18. @nebulafox
    Looking at it soberly, nobody seriously has proposed an alternative to the current market system we've got. A nation like Sweden heavily regulates market mechanisms: they don't try to actively prevent them. So, if Sweden is indeed "socialist", then maybe the term isn't that helpful of a describer.

    You'd have to go back to actual Communist countries for people who seriously tried to abolish market mechanisms, and considering what a miserable failure Communism turned out to be, nobody wants to ape them. Even the throwback holdouts like North Korea and Laos have embraced market mechanisms-Kim Jong Un deleted any reference to Marxism at all in the DPRK's Constitution back in 2013.

    >Quite a few of those with supposedly negative views of socialism probably support lots of socialist policies, as long as they’re not associated with those scary words Socialism and Communism.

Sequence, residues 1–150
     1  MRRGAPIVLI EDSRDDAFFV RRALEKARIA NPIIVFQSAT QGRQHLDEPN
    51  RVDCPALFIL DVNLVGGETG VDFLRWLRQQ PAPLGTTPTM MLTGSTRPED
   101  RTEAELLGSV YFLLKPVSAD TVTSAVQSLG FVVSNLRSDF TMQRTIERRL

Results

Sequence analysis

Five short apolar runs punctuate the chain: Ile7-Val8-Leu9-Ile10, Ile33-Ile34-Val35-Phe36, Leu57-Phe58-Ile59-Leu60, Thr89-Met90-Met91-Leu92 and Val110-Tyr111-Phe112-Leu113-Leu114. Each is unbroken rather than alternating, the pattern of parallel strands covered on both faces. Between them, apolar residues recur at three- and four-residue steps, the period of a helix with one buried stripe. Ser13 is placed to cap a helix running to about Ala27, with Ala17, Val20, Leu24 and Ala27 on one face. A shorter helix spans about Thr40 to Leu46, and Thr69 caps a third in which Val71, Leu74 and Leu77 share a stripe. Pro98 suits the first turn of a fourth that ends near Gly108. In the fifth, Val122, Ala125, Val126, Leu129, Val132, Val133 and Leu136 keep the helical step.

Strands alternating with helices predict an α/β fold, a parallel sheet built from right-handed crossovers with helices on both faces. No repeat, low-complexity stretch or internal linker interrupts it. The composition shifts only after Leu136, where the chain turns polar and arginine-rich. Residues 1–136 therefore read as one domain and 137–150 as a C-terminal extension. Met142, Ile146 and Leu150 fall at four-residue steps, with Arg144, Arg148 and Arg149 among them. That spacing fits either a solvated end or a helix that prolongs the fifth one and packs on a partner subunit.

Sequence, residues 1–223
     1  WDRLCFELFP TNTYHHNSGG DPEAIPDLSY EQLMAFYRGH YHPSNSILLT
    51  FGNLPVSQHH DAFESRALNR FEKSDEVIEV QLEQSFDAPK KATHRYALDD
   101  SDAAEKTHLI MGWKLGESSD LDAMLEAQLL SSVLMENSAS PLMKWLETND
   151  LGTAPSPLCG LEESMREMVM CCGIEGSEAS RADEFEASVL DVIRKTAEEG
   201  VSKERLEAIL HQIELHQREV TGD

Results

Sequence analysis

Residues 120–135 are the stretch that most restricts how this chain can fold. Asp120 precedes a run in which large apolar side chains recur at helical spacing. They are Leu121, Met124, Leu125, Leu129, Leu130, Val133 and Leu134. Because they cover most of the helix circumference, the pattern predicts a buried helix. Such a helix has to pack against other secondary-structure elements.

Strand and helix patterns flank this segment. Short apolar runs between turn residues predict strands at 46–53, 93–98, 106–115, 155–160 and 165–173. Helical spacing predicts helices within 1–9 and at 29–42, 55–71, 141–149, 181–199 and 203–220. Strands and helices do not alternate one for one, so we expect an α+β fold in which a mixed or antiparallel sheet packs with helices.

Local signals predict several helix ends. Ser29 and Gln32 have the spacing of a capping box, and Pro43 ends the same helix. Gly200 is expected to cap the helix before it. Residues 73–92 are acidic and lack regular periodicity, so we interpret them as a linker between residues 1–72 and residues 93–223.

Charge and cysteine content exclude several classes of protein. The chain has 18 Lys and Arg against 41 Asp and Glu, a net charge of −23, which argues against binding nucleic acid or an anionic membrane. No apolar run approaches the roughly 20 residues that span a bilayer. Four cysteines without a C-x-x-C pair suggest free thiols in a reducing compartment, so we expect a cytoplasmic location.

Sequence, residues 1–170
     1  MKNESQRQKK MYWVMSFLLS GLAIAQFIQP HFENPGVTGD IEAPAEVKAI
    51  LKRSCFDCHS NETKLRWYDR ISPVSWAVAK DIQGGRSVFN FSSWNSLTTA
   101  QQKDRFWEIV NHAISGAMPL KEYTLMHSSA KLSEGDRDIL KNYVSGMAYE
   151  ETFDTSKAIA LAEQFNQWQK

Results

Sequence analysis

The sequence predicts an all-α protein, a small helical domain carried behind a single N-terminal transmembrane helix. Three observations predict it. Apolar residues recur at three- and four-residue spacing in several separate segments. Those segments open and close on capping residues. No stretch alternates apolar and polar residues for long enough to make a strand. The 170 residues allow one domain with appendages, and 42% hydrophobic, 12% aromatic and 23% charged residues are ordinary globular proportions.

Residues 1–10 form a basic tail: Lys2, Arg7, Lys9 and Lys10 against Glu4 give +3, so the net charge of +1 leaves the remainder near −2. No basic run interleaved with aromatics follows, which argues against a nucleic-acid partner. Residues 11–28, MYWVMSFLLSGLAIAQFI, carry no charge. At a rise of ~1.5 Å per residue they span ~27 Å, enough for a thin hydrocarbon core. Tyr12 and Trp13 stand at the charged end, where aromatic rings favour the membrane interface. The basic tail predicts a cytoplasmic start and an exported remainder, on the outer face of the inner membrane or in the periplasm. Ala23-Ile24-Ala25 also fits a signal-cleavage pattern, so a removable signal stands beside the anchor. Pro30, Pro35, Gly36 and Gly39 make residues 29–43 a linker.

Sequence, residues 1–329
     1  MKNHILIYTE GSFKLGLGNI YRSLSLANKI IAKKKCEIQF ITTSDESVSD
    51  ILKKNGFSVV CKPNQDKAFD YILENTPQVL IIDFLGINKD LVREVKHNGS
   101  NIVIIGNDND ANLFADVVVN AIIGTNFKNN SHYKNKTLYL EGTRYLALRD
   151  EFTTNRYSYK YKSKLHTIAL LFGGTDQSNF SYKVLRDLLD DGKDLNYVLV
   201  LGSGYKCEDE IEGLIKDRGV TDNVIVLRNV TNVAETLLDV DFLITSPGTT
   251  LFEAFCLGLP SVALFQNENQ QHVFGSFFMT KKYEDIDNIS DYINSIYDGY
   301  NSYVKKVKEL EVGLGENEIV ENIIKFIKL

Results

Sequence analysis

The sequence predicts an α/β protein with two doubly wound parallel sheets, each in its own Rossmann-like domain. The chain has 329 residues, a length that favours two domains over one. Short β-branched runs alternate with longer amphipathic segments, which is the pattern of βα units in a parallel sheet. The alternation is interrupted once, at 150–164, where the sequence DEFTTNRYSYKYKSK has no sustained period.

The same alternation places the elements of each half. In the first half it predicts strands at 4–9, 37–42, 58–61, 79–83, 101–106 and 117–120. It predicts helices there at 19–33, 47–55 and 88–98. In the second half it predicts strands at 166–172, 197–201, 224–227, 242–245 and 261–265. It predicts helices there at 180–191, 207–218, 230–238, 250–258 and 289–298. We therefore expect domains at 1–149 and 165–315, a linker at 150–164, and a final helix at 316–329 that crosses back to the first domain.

Your average American voter is not a moderate. Your average American voter contains a mixture of far-left, far-right, and common sensical/a-ideological views, which tends to be quite alien from the political class.

    The problem with a lot of left-wing politicians in the US has traditionally been that they've forgotten they aren't dealing with Europeans. You'd be surprised what people will advocate if dressed up correctly. But with the increasing Europeanization of American politics-especially for the young-maybe this might change in any event. Certainly the notion tying health care to your employer to the extent that the US does is going to take a massive dent in popularity with this pandemic.

    Kim Jong Un deleted any reference to Marxism at all in the DPRK’s Constitution back in 2013.

    Not true.